Power-Efficient Gathering in Sensor Information Systems (PEGASIS)
This hierarchical routing protocol is chain-based and aimed at promoting power efficiency. Its structure is based on that of LEACH, but it is also a LEACH’s improvement. Instead of creating clusters, PEGASIS creates chains that connect the sensor nodes, allowing for data transmission from each node to the neighboring node (Kour, 2012). One of the nodes in the chain is selected to send data to the base station. Any collected data moves from one node to the other, and it is aggregated in the process before it is eventually transmitted to the base station. The construction of the chain is constructed in a greedy way. One of the outstanding features of this routing protocol as compared to other protocols including the LEACH protocol is that it eliminates the dynamic cluster formation overhead, thus minimizing the total distances that need to be transmitted by the non-leader nodes and reducing the total number of transmissions, an aspect that makes it applicable in large-scale networks. Nevertheless, there is an excess of delay introduced by this protocol for the chain’s distant node. This taints its applicability in large-scale environments with unreliability, as such environments, including border monitoring, require constant and timely updates on the situations in order to facilitate timely response to any situations. In addition, such a system that only allows for a single leader may lead to such a leader becoming a bottleneck, thus further slowing the flow of information within the network and delaying responses to any situations that require rapid communication within borders (Singh, Singh, & Singh, 2010).
Location-based Routing Protocols
These protocols replace the node identifiers with areas as packet targets. As such, areas are identified an all the nodes within a certain area are considered acceptable destinations, with the capability of receiving and processing data within the network (Kour, 2012). Such routing stands out to be of great importance in sensor network contexts, especially in the borrowing of sensor data from a different region. In addition, information about the location can be helpful in promoting energy efficient data routing, as sensor networks are spatially deployed in a region and they do not have an addressing scheme such as IP-addresses (Jiang & Manivannan, 2004). This feature would allow such a routing protocol to succeed in a large-scale environment including a border. For instance in the case where a region requiring sensing is known, the location’s sensor nodes can be used in a way that will allow for the query to be directed to that specific region, and thus the number of transmissions will be eliminated significantly. These routing protocols highly consider the sensor nodes’ mobility, and perform extremely well with an increase in the network density. However, it is important to note that these protocols are very poor in performance in cases where there is sparse network deployment and data aggregation and extensive processing by the node that is heading the network is not promoted (Singh, Singh, & Singh, 2010). This seems to be the case on borders as they involve little activity, and thus fewer nodes are deployed on them for different purposes. As such, the likelihood of these routing protocols to succeed in border environments is minimal.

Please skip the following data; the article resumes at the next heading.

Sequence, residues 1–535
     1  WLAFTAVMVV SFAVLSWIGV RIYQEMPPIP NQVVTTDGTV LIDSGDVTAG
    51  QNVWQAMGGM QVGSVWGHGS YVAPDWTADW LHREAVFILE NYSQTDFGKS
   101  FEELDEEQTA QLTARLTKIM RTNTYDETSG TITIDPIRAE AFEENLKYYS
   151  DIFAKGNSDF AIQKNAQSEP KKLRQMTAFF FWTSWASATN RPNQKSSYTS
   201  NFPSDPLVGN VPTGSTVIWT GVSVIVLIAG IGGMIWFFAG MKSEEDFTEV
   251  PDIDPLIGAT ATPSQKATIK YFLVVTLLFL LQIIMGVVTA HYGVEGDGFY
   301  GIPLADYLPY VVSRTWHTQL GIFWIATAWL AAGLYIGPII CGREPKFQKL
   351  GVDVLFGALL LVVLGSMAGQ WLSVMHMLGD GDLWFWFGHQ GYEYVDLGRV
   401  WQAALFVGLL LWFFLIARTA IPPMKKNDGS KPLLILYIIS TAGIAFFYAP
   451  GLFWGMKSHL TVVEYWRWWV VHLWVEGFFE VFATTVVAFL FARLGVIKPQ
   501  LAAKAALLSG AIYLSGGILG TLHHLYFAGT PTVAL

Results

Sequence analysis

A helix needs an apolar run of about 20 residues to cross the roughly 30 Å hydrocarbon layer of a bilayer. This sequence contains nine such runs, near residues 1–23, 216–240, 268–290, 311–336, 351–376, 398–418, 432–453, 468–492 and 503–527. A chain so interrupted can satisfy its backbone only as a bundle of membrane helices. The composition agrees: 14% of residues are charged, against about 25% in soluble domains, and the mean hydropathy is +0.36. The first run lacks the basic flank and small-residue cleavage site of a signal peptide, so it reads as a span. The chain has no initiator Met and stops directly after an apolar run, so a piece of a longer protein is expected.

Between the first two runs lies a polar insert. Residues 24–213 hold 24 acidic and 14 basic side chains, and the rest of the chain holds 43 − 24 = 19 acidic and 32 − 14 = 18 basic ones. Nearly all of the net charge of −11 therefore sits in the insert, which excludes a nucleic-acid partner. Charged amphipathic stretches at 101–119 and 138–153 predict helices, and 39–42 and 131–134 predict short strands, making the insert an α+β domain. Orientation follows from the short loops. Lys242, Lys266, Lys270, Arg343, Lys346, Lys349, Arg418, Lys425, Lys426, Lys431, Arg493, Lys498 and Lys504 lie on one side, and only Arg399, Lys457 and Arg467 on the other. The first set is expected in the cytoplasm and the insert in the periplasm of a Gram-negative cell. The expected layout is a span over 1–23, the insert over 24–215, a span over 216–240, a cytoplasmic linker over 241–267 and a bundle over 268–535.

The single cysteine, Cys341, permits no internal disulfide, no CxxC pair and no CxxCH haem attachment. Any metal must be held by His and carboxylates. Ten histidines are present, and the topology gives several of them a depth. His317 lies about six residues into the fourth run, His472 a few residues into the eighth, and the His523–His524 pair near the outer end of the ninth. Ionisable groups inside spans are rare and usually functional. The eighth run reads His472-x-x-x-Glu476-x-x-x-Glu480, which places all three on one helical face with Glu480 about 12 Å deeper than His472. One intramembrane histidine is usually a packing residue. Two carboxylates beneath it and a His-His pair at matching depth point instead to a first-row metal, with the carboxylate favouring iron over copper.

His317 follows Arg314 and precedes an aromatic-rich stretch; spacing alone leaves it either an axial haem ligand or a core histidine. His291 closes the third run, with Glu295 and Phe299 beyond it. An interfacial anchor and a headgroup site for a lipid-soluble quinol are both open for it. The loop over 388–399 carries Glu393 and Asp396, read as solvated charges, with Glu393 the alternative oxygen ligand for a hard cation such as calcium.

Gear and Energy Aware Routing protocol (GEAR)
This protocol utilizes neighbor selection heuristics that are geographically aware and energy aware in routing a packet that targets a given region. A learning cost and an estimated cost of getting to the destination via the neighbors is kept by each node in the GEAR routing (Singh, Singh, & Singh, 2010). In order to account for the routing that occurs around holes within the network, the estimated cost is refined into the learned cost. A hole occurs in the case where there is no neighboring node between a certain sensor node and its target region. There is equilibrium between the learned cost and the estimated cost in the case where there is no hole. Each time a packet reaches the target region, the learned cost is moved one hop back to allow for the adjustment of the next packets route setup. This algorithm involves two phases, starting with the movement of packets towards the selected region, and forward movement of packets within the selected region. When GEAR is compared to earlier geographical routing protocols such as GPRS, it is evident that the former is more energy efficient and efficient in delivery of packets. As such, this routing protocol may provide a considerable alternative in large-scale environments such as border monitoring.